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The impact of post-9/11 visa policies on travel to the United States

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  • Neiman, Brent
  • Swagel, Phillip

Abstract

This paper examines the impact of post-9/11 changes in visa and security policy on business and leisure travel to the United States. American businesses, tourism industry representatives, and politicians pointed to changes in visa policies as being responsible for a sharp decline in short-term visitors following the September 11 attacks. Several foreign governments likewise complained that visa requirements and other security measures were making it difficult for their citizens to travel to the United States. Using an empirical model which distinguishes the impact of visa policy from economic and country-specific factors, we find that changes in visa policy in the aftermath of 9/11 were not important contributors to the decrease in travel to the United States. Rather, the reduction in entries was largest among travelers who were not required to obtain a visa.

Suggested Citation

  • Neiman, Brent & Swagel, Phillip, 2007. "The impact of post-9/11 visa policies on travel to the United States," MPRA Paper 2952, University Library of Munich, Germany.
  • Handle: RePEc:pra:mprapa:2952
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    File URL: https://mpra.ub.uni-muenchen.de/2952/1/MPRA_paper_2952.pdf
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    References listed on IDEAS

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    1. Head, Keith & Mayer, Thierry & Ries, John, 2009. "How remote is the offshoring threat?," European Economic Review, Elsevier, vol. 53(4), pages 429-444, May.
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    3. J. M. C. Santos Silva & Silvana Tenreyro, 2006. "The Log of Gravity," The Review of Economics and Statistics, MIT Press, vol. 88(4), pages 641-658, November.
    4. Marianne Bertrand & Esther Duflo & Sendhil Mullainathan, 2004. "How Much Should We Trust Differences-In-Differences Estimates?," The Quarterly Journal of Economics, Oxford University Press, vol. 119(1), pages 249-275.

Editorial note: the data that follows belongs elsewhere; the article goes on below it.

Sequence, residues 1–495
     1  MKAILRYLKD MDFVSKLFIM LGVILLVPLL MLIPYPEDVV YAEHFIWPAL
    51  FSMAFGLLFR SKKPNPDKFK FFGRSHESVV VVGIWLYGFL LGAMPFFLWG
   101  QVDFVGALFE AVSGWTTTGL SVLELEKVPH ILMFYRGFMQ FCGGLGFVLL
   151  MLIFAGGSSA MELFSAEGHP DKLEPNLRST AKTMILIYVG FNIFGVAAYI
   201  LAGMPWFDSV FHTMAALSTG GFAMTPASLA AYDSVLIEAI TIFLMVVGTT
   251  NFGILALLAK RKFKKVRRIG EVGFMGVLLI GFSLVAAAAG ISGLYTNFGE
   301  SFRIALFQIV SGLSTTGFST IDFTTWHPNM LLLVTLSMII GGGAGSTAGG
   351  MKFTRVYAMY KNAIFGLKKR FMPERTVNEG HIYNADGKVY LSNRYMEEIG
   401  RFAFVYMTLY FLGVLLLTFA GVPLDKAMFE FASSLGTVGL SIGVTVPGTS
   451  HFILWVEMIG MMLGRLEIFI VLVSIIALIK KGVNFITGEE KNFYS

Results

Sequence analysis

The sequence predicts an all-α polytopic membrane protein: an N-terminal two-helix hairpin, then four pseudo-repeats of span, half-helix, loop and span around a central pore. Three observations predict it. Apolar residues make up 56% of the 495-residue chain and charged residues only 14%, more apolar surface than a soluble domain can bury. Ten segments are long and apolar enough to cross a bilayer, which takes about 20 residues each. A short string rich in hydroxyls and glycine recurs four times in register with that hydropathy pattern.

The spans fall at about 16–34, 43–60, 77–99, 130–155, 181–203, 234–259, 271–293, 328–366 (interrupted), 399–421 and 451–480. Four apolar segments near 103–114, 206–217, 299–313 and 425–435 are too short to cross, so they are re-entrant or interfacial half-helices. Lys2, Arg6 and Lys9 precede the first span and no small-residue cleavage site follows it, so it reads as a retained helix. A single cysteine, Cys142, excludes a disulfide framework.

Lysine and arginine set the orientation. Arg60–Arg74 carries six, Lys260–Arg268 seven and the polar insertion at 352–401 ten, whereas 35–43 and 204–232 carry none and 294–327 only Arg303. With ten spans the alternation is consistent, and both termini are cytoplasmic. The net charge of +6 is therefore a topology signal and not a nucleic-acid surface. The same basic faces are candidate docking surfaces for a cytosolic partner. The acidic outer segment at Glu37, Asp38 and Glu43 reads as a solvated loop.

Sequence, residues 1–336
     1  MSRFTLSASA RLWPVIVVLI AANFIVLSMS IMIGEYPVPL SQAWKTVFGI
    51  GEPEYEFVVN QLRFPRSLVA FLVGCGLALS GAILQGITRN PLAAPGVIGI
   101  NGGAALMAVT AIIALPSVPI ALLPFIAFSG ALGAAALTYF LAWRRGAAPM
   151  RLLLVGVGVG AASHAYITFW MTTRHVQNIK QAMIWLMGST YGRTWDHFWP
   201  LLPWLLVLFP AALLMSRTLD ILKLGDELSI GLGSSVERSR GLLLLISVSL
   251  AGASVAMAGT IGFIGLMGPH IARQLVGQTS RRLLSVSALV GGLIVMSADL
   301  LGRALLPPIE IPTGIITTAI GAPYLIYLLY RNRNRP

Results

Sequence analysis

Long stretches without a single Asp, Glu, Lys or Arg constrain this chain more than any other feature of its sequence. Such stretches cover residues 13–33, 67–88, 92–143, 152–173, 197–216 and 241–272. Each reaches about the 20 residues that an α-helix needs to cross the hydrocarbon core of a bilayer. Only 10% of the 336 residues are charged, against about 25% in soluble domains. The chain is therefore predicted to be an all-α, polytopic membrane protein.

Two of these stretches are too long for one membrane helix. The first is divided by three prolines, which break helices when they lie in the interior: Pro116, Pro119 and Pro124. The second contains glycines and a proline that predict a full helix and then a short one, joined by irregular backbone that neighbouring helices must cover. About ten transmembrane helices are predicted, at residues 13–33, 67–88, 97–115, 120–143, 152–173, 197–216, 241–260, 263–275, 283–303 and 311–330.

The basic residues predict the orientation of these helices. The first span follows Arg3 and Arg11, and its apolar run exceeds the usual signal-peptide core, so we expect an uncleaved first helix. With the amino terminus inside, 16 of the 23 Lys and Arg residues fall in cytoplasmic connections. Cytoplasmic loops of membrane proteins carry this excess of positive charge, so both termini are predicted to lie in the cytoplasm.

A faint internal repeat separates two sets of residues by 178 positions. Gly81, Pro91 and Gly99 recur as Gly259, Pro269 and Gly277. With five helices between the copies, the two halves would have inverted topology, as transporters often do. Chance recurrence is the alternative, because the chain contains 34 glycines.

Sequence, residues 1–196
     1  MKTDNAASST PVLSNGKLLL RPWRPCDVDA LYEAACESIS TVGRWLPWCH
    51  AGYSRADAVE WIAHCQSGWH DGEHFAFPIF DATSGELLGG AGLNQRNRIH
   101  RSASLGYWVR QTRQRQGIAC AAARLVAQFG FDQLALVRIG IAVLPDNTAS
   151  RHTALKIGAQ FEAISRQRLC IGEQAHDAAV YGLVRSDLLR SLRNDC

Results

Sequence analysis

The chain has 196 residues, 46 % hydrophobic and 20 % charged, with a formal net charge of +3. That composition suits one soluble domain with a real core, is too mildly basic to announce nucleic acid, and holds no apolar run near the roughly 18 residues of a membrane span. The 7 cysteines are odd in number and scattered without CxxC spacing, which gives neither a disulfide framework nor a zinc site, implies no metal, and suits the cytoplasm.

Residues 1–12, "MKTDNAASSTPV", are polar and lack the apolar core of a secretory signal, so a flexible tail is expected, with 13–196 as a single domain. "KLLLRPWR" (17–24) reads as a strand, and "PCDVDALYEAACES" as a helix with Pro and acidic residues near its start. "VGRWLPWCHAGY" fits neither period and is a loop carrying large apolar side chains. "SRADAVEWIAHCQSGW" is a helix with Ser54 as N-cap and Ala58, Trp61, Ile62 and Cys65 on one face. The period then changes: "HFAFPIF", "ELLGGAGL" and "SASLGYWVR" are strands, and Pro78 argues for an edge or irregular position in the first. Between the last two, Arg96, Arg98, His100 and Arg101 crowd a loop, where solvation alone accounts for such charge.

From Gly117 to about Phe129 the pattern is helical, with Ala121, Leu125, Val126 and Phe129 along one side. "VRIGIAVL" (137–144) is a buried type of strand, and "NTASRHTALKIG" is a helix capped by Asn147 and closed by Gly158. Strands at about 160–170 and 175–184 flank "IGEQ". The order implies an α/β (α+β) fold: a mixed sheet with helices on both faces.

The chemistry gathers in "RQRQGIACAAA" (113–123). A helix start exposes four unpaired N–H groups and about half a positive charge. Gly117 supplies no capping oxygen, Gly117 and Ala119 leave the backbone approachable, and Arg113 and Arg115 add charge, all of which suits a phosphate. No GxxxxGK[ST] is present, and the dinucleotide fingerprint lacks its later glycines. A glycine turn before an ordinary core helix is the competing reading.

5. Head, Keith & Ries, John, 2008. "FDI as an outcome of the market for corporate control: Theory and evidence," Journal of International Economics, Elsevier, vol. 74(1), pages 2-20, January.
    6. Jan Vilasuso & Fredric C. Menz, 1998. "Domestic Price, (Expected) Foreign Price, and Travel Spending by Canadians in the United States," Canadian Journal of Economics, Canadian Economics Association, vol. 31(5), pages 1139-1153, November.
    7. Pia M. Orrenius, 2003. "U.S. immigration and economic growth: putting policy on hold," Southwest Economy, Federal Reserve Bank of Dallas, issue Nov, pages 1-7.
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    Citations

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    Cited by:

    1. Robert Lawson & Jayme Lemke, 2012. "Travel visas," Public Choice, Springer, vol. 153(1), pages 17-36, October.
    2. Anca D. Cristea & Russell Hillberry & Aaditya Mattoo, 2015. "Open Skies over the Middle East," The World Economy, Wiley Blackwell, vol. 38(11), pages 1650-1681, November.
    3. repec:rss:jnljpg:v2i2p1 is not listed on IDEAS
    4. Farai Jena & Barry Reilly, 2013. "The determinants of United Kingdom student visa demand from developing countries," IZA Journal of Labor & Development, Springer;Forschungsinstitut zur Zukunft der Arbeit GmbH (IZA), vol. 2(1), pages 1-22, December.
    5. Tekleselassie, Tsegay Gebrekidan, 2016. "Three essays on the impact of institutions and policies on socio-economic outcomes," Economics PhD Theses 1316, Department of Economics, University of Sussex.
    6. Ayumu Tanaka, 2013. "Geographic Concentration of Foreign Visitors to Japan," Discussion papers e-12-013, Graduate School of Economics Project Center, Kyoto University.
    7. B. Lindsay Lowell, 2014. "Managing immigration: A review of some past projections," Migration Letters, Transnational Press London, UK, vol. 11(1), pages 33-42, January.
    8. Robert A. Lawson & Saurav Roychoudhury, 2016. "Do travel visa requirements impede tourist travel?," Journal of Economics and Finance, Springer;Academy of Economics and Finance, vol. 40(4), pages 817-828, October.
    9. repec:eee:touman:v:33:y:2012:i:2:p:397-412 is not listed on IDEAS

    More about this item

    Keywords

    Visa Policy; Differences-in-differences; Economics of National Security;

    JEL classification:

    • F52 - International Economics - - International Relations, National Security, and International Political Economy - - - National Security; Economic Nationalism
    • F2 - International Economics - - International Factor Movements and International Business

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